"Here it is—the book about the tiny country in Latin America with probably the most intensively studied ecosystems in the tropics. Summarizing all facets of the interesting natural history gained from decades of intensive field research in a country as diverse as its name promises is a difficult task to tackle. Nevertheless, combined efforts of over seventy contributing authors manages to introduce the reader to all Costa Rican ecosystems in ten parts (I was tempted to say ‘easy steps’ since it reads that well). In addition to describing all important ecosystems, the book includes a scientific synthesis of facts. Without doubt, the authors take advantage of the scientific output of an army of researchers who seem to have looked into all details of the country's myriad ecosystems. Even more amazing, the authors build on innumerable classic studies—reflected in the long reference lists of each of the book's twenty-one chapters—which emphasizes that many of the commonly accepted hypothesis and theories in tropical biology emerged from research conducted in Costa Rica. . . . I thoroughly enjoyed the book and learned many new things about Costa Rica and its ecosystems. It is now on my list of recommended readings for students in a tropical ecology course and for anyone looking for a comprehensive description of many different tropical ecosystems." (Norbert Kunert, Max Planck Institute for Biogeochemistry Biotropica)
"Kappelle has been fortunate in securing contributions from most of the leading biodiversity researches who live or work in the country. It is consequently particularly authoritative. . . . This is clearly a landmark publication for Costa Rican ecology, which will undoubtedly be the starting point for many future studies. It is also gratifying to see how much can be achieved to get to grips with biodiversity in a tropical country in a relatively modest period of time, most work having been done over the last sixty years, with the commitment of inspirational researchers, funding agencies, and conservation orientated national authorities. It should be on the shelves of all who work in tropical ecology. (David L. Hawksworth, Universidad Complutense de Madrid Biodiversity and Conservation)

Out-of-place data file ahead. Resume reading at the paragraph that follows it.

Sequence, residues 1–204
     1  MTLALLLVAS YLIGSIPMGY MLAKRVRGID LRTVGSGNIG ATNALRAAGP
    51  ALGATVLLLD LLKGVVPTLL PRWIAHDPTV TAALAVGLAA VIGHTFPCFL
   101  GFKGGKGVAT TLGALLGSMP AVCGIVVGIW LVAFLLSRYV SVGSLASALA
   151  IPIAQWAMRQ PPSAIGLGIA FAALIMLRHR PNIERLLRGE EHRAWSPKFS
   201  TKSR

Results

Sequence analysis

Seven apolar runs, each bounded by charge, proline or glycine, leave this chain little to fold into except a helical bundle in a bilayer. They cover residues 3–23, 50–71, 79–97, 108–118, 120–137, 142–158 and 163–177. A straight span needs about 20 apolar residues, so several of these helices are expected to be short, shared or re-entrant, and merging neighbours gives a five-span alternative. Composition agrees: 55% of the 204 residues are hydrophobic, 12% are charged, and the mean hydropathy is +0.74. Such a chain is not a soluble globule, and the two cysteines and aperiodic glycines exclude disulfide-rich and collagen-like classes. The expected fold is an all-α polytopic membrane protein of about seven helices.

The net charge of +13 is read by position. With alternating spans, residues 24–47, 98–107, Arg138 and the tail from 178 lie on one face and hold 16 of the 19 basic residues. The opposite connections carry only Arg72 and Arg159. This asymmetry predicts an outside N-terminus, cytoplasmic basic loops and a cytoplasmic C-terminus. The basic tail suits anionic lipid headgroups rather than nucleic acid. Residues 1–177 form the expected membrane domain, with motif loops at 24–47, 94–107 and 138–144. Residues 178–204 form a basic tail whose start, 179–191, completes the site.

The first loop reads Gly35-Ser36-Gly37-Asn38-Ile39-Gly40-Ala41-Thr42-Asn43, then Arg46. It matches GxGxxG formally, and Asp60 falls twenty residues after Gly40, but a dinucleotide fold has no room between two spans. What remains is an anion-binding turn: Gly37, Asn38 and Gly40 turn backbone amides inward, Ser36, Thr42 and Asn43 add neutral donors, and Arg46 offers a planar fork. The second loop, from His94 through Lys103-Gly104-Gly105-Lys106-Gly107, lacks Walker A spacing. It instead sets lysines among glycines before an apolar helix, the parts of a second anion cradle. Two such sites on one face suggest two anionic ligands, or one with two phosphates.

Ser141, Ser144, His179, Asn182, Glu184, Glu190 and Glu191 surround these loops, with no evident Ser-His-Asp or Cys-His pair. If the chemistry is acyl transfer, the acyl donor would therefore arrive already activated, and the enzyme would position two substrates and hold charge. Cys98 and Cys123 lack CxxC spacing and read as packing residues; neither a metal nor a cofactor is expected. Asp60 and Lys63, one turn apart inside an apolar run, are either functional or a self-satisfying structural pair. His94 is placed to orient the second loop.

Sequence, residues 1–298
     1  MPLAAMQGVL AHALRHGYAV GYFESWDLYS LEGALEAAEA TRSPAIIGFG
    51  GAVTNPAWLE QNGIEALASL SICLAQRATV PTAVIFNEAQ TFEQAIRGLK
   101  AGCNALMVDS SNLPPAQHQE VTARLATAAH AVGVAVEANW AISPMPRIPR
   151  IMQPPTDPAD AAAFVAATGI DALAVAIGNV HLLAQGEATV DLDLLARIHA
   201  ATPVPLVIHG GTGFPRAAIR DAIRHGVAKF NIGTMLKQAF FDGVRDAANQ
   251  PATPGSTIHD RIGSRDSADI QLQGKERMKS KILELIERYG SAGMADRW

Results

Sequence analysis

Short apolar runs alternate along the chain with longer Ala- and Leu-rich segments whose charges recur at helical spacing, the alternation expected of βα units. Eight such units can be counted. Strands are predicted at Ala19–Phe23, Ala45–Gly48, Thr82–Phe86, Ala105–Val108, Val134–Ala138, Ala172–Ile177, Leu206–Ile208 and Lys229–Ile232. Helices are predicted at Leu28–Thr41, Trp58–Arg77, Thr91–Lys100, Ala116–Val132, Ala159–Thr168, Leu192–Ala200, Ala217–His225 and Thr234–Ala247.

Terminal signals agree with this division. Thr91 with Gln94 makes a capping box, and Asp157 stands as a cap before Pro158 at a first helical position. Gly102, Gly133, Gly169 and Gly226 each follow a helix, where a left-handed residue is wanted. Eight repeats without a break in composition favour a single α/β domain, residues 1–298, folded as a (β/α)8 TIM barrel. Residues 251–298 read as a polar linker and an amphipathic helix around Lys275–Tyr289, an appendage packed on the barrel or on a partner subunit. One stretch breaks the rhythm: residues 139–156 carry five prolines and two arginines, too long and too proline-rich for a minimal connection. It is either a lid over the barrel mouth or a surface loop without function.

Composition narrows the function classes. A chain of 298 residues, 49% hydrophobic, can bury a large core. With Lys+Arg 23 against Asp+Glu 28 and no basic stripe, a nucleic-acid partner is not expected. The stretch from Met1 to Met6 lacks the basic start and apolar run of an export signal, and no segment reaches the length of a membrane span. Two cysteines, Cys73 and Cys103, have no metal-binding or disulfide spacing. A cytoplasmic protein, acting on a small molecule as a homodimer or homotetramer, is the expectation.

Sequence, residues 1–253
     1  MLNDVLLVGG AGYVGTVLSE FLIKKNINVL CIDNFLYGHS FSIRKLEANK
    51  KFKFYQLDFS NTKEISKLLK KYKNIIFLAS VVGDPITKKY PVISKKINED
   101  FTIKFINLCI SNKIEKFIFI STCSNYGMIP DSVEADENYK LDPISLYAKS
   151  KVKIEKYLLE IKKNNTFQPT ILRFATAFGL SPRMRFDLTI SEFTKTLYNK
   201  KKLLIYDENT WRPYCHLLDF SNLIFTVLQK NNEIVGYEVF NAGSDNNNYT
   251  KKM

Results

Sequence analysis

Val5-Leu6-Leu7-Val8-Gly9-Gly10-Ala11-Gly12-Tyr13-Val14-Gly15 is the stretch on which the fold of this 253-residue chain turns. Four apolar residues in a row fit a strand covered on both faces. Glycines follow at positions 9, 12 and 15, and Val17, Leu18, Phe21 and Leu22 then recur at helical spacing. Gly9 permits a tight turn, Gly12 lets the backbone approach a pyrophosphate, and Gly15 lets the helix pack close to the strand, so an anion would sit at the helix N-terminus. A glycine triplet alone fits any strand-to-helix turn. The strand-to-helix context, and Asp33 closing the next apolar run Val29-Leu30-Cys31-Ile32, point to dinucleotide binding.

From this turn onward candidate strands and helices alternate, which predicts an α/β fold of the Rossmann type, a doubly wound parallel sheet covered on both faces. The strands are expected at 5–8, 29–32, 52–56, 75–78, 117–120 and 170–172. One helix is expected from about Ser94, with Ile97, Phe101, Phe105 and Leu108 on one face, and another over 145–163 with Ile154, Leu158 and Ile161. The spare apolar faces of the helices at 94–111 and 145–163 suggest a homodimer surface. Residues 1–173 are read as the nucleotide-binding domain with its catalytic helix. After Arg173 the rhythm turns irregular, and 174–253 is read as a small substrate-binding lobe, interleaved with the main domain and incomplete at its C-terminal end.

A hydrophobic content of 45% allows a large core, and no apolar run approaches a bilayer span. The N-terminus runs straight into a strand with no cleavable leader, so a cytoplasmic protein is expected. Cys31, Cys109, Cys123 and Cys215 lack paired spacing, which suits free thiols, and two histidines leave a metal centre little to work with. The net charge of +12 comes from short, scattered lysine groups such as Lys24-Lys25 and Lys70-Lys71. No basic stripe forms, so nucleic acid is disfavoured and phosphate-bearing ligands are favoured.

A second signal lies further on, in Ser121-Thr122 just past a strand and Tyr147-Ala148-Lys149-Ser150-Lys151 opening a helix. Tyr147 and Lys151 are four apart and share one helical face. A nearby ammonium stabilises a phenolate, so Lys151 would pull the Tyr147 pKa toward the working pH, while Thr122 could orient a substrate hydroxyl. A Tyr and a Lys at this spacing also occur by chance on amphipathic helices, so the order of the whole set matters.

“Costa Rica is an important location for research on tropical ecosystems as well as a common travel destination for US university biology students. This book provides a comprehensive summary of the major regions of Costa Rica and will be extremely useful to scientists, educators, and students. Editor Kappelle has worked extensively in Costa Rica and brings together contributions from experts for each ecosystem within the country. Introductory chapters describe the climate, geology, and soils. Several chapters cover Pacific and Caribbean coastal ecosystems and the Isla del Coco. The lowland forests are organized into chapters by region (Caribbean and the northern, central, and southern Pacific). The highlands are covered in several chapters, including one on the high-elevation grassland called páramo. Other chapters describe rivers, lakes, and wetlands. Each chapter summarizes the main research that has occurred in a specific ecosystem and provides references. Most chapters also contain an interesting description of the history of exploration and human effects on the ecosystem. The book is well illustrated with color photographs and maps. Recommended.” (M. P. Gustafson, Texas Lutheran University Choice)